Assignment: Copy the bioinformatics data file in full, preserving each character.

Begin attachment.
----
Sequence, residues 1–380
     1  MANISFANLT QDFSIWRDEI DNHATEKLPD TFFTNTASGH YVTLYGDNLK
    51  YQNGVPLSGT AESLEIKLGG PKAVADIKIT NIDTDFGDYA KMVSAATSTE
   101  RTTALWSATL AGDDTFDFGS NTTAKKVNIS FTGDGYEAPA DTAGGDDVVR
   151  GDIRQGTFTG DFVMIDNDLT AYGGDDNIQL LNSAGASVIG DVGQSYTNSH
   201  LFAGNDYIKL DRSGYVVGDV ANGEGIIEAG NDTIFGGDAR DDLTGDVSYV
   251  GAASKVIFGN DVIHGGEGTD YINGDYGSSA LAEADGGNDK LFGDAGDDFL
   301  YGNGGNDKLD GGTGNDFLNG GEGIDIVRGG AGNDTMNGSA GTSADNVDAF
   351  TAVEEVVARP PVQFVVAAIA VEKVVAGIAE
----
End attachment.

Sequence, residues 1–380
     1  MANISFANLT QDFSIWRDEI DNHATEKLPD TFFTNTASGH YVTLYGDNLK
    51  YQNGVPLSGT AESLEIKLGG PKAVADIKIT NIDTDFGDYA KMVSAATSTE
   101  RTTALWSATL AGDDTFDFGS NTTAKKVNIS FTGDGYEAPA DTAGGDDVVR
   151  GDIRQGTFTG DFVMIDNDLT AYGGDDNIQL LNSAGASVIG DVGQSYTNSH
   201  LFAGNDYIKL DRSGYVVGDV ANGEGIIEAG NDTIFGGDAR DDLTGDVSYV
   251  GAASKVIFGN DVIHGGEGTD YINGDYGSSA LAEADGGNDK LFGDAGDDFL
   301  YGNGGNDKLD GGTGNDFLNG GEGIDIVRGG AGNDTMNGSA GTSADNVDAF
   351  TAVEEVVARP PVQFVVAAIA VEKVVAGIAE